Months into the emotionally charged health care debate, the negative impact that out-of-control litigation is having on our system is finally getting some attention. In a recent speech to Congress, President Obama said what many have long-insisted: Reforming our medical malpractice laws can help bring down the cost of health care. Now, I don’t believe that medical malpractice reform is a silver bullet, but I’ve talked to enough doctors to know that defensive medicine may be contributing to unnecessary costs.
In fact, curbing lawsuit abuse to improve health care access and affordability is a no-brainer. The American Medical Association has found that liability pressure increases health system costs by between $84 and $151 billion per year. Meanwhile, a 2006 study conducted by the Harvard School of Public Health estimated that nearly 40 percent of the medical malpractice lawsuits filed in the U.S. were without merit.
Many personal injury lawyers file suit against physicians, hospitals and other health care providers claiming to act in patients’ best interests. But, too often, they’re just preying on the system for their own personal gain.
The time for meaningful medical liability reform is now. As Rep. Charles Boustany, a former cardiovascular surgeon who now represents Louisiana’s 3rd Congressional District, recently said in a nationally televised speech, we need to establish tough liability reform standards, encourage speedy resolution of claims, and deter junk lawsuits that drive up the cost of care. Real reform must do this.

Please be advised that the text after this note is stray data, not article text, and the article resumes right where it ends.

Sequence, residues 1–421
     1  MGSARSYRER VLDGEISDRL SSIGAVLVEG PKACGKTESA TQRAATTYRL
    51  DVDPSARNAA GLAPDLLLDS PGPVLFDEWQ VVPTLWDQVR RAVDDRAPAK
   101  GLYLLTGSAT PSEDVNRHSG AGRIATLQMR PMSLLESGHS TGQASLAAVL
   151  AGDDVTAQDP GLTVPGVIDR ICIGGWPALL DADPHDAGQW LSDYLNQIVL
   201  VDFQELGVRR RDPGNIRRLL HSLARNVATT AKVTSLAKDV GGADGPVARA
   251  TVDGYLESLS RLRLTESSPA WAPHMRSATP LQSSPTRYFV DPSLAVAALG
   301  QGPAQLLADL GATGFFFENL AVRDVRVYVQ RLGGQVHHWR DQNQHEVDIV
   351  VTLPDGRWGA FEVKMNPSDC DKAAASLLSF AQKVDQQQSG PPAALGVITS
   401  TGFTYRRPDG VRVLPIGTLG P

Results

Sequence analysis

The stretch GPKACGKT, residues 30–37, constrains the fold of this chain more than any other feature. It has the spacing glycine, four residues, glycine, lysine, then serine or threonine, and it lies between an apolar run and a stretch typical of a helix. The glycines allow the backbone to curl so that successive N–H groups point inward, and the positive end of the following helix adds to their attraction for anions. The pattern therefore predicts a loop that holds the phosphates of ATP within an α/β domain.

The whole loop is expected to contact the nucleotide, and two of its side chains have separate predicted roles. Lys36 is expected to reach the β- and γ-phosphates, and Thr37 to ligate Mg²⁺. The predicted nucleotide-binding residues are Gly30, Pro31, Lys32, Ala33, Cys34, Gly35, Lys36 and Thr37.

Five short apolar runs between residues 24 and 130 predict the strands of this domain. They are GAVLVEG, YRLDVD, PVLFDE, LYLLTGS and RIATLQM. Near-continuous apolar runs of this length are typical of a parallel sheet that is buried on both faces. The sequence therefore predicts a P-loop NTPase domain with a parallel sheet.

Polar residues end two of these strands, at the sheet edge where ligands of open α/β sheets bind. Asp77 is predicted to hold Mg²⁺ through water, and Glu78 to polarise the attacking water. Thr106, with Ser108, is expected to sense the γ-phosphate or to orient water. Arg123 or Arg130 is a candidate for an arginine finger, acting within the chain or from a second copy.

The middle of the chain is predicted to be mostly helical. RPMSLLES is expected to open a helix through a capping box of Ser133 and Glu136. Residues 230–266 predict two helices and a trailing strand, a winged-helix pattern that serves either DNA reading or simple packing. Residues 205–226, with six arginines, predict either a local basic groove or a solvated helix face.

Indeed, rampant medical liability lawsuits have spawned a culture of defensive medicine where doctors are often forced to order expensive and sometimes dangerous tests to rule out highly improbable diagnoses, simply to protect themselves against lawsuits. These unnecessary tests and procedures do not result in better health outcomes, and the unnecessary costs are inevitably passed along to us in the form of higher insurance premiums and deductibles.
This does not bode well for our health or our wallets.
President Obama and members of Congress on both sides of the aisle must work together on medical malpractice reforms that will help control costs, better protect doctors and, most importantly, better serve patients.
Louisiana has joined nine other states in support of Indiana’s appeal of a federal judge’s ruling that the Hoosier State’s ban on sam-sex marriage violates the Constitution.
The Saints are being cautious in an effort to minimize risk of re-injury.
LSU Health Sciences Center says people with a common, hard-to-treat kind of lung cancer can join a new national trial to test drugs faster.
As New Orleans Saints coach Sean Payton and general manager Mickey Loomis spoke about the opening of training camp, steep, tree-covered mountains were in full view behind them.
The family of fallen cyclist Lon Lomas is speaking out after the release this week of the man charged with his death.
"The solutions are obvious: undo consolidation, or amend the charter to make this hybrid attempt at a new form of government work better."
Friday's Blogs from the Bog!
Marijuana source of disputes for HOAs; experts say still safe to fly; Russian-supported attacks on Ukraine and more national and international news for Friday, July 25, 2014.